In an effort to avoid annoying and unnecessary communication, are we insulating ourselves from opportunity?
Take this situation that happened just yesterday. I had a lead for someone and didn’t have his email address. I called the receptionist to get it. She, rather unpleasantly, answered, “That information’s not available.” Not available? There were several more gracious ways she might have handled the situation, but in an effort to protect her boss from the inconvenience of an unsolicited email, she lost him a great lead. Why would I refer business to a company with a culture that doesn’t welcome communication?
It got me thinking about all the times I’ve unsuccessfully dealt with automated receptionists, voice mail hell and websites that offer only an automated contact form or a general email address. Any company that won’t let me communicate with someone personally tells me their convenience is more important than my business.
By contrast, I applaud websites that list everyone’s name, title, extension and email, including the customer service people and CEO. That’s a company that wants to do business with me on a personal level and makes it easy to connect with them.
It’s time to reframe the issue of communication. Have we forgotten it’s the lifeblood of our businesses? We spend thousands of dollars creating websites, brochures and Facebook pages that advertise our companies, yet when someone actually tries to communicate with us, we make it difficult. Does that make any sense at all?
Think of every phone call and email as a potential opportunity. Sure, it might be a vendor that can be a bit annoying, but have you considered, that with a little nurturing, even a vendor you don’t do business with can be a potential ambassador for your company? By avoiding communication, you could be missing leads, a great new employee, the opportunity to build a beneficial relationship or simply the chance to tell someone more about your company, thereby spreading the word.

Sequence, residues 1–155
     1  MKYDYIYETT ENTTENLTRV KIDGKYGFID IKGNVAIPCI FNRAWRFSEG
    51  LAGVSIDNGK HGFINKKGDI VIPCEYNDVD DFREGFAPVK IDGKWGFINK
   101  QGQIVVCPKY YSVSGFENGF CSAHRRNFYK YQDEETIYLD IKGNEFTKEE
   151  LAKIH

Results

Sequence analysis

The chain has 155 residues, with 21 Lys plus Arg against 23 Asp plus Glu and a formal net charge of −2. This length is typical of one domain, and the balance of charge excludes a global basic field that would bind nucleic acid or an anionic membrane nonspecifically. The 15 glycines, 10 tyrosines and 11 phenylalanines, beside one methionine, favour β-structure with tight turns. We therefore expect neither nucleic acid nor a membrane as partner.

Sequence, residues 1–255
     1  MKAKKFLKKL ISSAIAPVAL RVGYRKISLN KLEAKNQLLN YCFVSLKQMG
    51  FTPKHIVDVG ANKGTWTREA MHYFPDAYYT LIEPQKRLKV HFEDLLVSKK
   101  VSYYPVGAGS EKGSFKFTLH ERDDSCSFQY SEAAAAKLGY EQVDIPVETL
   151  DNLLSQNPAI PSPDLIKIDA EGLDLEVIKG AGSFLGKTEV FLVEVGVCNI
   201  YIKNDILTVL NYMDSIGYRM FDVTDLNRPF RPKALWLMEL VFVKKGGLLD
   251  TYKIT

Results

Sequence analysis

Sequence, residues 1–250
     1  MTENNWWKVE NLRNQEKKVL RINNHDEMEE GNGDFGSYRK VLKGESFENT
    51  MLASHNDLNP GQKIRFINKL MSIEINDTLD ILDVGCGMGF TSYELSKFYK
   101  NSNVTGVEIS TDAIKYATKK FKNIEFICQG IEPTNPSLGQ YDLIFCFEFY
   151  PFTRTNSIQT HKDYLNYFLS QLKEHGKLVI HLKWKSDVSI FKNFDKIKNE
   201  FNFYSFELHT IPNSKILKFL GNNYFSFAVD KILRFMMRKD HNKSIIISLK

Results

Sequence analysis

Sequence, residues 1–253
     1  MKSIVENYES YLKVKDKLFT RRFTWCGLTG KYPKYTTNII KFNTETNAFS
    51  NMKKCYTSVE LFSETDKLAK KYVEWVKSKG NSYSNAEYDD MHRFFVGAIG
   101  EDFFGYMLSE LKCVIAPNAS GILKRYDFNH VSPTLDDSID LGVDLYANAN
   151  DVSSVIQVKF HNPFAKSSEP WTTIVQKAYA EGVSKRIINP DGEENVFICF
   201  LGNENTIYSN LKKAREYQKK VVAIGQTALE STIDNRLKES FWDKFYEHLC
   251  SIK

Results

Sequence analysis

The most professionally run companies make sure correspondence of any kind is addressed. They understand the need to create a great impression through responsiveness. Even small businesses with limited resources need to take that lesson and run with it.
Sometimes, business leadership becomes so removed from office processes, they don’t even realize what’s happening. That’s no excuse. Test your own company’s friendliness quotient: Anonymously call in to your office to connect with various people and departments. You might be surprised how difficult it is.
Check your website. Are key contacts available? Even customer service contacts should have a name so people feel a personal connection.
Make sure your employees are trained to deal with any type of phone call in a warm and welcoming fashion. Simply transferring someone to another voice mail is not an acceptable solution.
Yes, accessibility takes a little effort and might be inconvenient. But your reputation as a responsive and open business is worth it.
PS – I am shocked at how many voice mail messages say “I’ll get back to you at my earliest convenience.” When did doing business become about your convenience?